If that strikes you as likely, "I think one thing you do is reverse the normal…strategy, which is to accelerate deductions and postpone income," said Mark Luscombe, principal tax analyst in the tax and accounting group at CCH, Inc., a tax and business information and software publisher in Riverwoods, Ill. The usual strategy is based on the principle that tax money saved this year is more valuable than tax money saved next year, other things being equal. But if things aren’t equal, "if the situation is that there will be higher rates in 2011, consider accelerating income and postponing deductions," he said. The income will be taxed at lower rates, and the deductions will be worth more when rates are higher.
That applies particularly to sales of assets that would qualify for long-term capital gain treatment because rates might well climb by a third (to 20 percent from 15) for gains recognized next year. (Long-term refers to gains on stocks, bonds and other assets that are held for more than a year.)
Finally, since there is so much uncertainty about the details of next year’s taxes, experts are counseling clients to arrange their assets and income as much as possible to cover all bases.
Planners have long talked about diversification of assets, and now "we think tax diversification is a really good idea," said Christine Fahlund, senior financial planner at T. Rowe Price, the big Baltimore-based mutual fund company.
This means spreading investments among "each kind of account, tax-free, tax-deferred, and taxable," she said.
This kind of shuffle is a bit easier this year, since now, for the first time, there is no income ceiling that in the past prevented higher-income taxpayers from converting traditional tax-deferred IRAs to tax-free Roth IRAs. And the higher contributions limits on IRAs and 401(k) plans and other retirement plans are among the few provisions of the 2001 law that have been made permanent, so workers will be able to continue to add to them in the coming years at the rates we have become used to.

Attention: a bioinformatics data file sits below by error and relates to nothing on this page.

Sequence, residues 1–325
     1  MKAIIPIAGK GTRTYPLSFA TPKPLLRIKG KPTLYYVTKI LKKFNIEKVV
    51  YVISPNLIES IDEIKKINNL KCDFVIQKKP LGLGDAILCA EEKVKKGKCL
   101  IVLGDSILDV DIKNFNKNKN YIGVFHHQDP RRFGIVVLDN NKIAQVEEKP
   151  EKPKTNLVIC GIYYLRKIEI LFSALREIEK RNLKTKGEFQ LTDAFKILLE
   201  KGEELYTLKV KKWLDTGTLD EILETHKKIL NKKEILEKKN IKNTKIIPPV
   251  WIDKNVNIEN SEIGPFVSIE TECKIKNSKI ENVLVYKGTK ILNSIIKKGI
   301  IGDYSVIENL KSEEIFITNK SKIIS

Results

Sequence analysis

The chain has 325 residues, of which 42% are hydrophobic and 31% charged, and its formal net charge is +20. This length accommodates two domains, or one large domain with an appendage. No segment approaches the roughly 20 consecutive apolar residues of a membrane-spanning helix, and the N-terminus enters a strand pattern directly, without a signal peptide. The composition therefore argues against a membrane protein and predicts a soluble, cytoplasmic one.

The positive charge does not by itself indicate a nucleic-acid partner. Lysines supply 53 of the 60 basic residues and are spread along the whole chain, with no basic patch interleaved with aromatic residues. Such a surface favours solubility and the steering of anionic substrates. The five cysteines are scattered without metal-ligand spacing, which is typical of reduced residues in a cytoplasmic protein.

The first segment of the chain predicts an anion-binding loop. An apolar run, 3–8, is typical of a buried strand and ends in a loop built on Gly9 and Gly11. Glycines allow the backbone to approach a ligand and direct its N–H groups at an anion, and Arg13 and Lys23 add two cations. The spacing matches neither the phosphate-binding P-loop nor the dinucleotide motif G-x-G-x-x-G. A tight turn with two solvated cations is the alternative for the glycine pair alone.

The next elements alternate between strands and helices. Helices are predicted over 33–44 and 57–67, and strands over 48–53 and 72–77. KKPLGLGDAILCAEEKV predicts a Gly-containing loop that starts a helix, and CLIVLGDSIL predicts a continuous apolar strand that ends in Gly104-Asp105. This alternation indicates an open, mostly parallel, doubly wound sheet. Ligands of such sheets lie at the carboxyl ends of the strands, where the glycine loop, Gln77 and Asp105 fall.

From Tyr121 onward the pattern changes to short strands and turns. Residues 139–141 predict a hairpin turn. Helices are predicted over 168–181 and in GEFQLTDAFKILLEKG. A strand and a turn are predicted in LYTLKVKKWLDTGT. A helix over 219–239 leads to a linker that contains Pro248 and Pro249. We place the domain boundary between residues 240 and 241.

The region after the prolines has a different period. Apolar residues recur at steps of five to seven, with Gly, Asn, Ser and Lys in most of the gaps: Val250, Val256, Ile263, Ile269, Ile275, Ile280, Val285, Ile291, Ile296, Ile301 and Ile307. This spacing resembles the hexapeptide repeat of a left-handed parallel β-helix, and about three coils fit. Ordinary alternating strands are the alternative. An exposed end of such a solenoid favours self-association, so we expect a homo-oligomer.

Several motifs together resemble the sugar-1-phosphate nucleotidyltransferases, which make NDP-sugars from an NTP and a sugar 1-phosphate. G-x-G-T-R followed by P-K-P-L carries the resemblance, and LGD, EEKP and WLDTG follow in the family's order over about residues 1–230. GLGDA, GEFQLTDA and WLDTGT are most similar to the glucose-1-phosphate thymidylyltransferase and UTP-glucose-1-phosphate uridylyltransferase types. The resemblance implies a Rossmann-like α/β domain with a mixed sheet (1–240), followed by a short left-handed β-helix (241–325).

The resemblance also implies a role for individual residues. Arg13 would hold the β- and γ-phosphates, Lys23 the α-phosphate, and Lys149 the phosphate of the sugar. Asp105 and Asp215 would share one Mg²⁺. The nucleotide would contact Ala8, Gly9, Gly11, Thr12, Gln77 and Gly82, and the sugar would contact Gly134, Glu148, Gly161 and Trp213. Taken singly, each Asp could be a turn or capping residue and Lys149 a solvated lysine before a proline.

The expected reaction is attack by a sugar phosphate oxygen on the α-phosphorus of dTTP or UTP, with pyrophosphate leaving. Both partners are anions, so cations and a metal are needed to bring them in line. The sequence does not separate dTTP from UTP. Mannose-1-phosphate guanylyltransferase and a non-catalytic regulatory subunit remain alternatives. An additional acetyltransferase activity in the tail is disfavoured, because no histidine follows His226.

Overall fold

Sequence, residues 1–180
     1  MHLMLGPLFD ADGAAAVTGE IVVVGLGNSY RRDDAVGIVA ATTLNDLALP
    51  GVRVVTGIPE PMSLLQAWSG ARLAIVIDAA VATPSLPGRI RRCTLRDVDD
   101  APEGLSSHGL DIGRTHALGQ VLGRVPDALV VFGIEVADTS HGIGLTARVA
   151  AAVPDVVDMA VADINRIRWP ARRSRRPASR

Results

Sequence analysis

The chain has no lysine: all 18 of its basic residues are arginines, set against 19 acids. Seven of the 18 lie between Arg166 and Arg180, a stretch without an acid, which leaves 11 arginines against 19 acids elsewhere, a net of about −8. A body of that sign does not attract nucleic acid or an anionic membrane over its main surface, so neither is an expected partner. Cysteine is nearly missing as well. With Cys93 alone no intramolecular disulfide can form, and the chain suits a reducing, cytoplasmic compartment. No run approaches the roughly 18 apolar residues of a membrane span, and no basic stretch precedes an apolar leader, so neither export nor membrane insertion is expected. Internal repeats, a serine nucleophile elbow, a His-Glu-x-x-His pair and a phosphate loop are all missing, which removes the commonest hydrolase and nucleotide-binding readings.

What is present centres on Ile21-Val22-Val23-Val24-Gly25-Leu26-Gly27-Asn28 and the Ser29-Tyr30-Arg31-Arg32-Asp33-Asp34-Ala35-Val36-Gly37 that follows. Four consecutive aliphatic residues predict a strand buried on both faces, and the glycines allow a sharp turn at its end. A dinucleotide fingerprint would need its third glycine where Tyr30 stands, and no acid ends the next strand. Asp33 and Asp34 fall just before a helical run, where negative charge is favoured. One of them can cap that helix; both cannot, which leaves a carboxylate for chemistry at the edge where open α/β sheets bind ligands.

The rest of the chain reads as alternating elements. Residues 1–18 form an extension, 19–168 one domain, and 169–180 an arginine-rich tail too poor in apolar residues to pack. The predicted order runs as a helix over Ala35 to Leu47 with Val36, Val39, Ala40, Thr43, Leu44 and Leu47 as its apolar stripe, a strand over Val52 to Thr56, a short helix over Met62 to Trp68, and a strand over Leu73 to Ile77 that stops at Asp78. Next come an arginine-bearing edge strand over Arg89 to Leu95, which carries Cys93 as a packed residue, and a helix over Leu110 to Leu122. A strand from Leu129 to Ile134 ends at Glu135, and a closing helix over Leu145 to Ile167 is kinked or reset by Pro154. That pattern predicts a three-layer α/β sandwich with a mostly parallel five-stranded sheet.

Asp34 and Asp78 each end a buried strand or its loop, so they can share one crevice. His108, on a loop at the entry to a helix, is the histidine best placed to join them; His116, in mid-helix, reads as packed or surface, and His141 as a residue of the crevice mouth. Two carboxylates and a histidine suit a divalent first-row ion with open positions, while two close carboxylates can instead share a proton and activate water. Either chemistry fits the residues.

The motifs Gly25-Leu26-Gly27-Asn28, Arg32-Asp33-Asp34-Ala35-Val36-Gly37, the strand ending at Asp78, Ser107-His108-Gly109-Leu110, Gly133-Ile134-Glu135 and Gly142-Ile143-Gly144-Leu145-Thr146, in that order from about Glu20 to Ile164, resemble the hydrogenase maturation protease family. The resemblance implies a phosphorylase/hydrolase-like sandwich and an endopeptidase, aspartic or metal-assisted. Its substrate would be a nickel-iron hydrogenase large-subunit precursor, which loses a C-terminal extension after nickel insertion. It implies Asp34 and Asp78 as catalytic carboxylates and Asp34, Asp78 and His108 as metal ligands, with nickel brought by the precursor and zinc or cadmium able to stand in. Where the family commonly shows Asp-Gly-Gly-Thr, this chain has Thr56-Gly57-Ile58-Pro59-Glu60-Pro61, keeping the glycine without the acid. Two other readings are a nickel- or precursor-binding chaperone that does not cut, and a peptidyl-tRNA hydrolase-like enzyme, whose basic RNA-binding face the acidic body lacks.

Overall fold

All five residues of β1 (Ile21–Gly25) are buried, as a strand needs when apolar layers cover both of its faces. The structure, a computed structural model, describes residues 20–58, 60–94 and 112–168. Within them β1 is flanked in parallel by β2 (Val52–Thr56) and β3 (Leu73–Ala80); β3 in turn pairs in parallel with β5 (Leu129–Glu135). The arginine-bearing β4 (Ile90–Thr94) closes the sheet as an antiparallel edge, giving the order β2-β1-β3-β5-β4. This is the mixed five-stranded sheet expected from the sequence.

However, a holder of a traditional IRA who converts it to a Roth must pay tax on all the deductible contributions he or she made in the past and on any gains that haven’t been taxed. That can take an awfully big bite out of a big conversion, so many planners suggest converting a portion of your traditional account, but not all of it.
"We are not saying you go all to a Roth, because you are paying so much" in taxes on the conversion and "you’d give up the growth on that tax dollar amount," Fahlund said. But having some of your assets in a Roth account would give you added flexibility to adjust to tax law changes.
One other twist, which Fahlund noted, is that taxpayers who convert during 2010 have the option of paying the resulting taxes on their 2010 returns or deferring them and paying in two installments on their 2011 and 2012 returns. Normally, such a deferral would be a no-brainer, but if rates are higher in the later years, maybe not. Perhaps the law will become clear in time to run the numbers, but again, maybe not.
Finally, for those who have converted their traditional IRAs entirely to Roths, or who never had a traditional IRA, it will now be possible to contribute to a Roth no matter how high your income. You still can’t contribute directly to a Roth if you’re single and your modified adjusted gross income is $120,000 or more ($177,000 or more, if you’re married filing jointly). But it is possible to make a non-deductible contribution to a traditional IRA on one day and convert it to a Roth the next.
NOTE: There are literally dozens of tax-law provisions that expire at the end of this year. Taxpayers interested in checking the list to see which ones are important to them, can look at a recent report by Congress’s Joint Committee on Taxation, which lists and briefly describes the expiring provisions. It’s publication number JCX-3-10, available at www.jct.gov.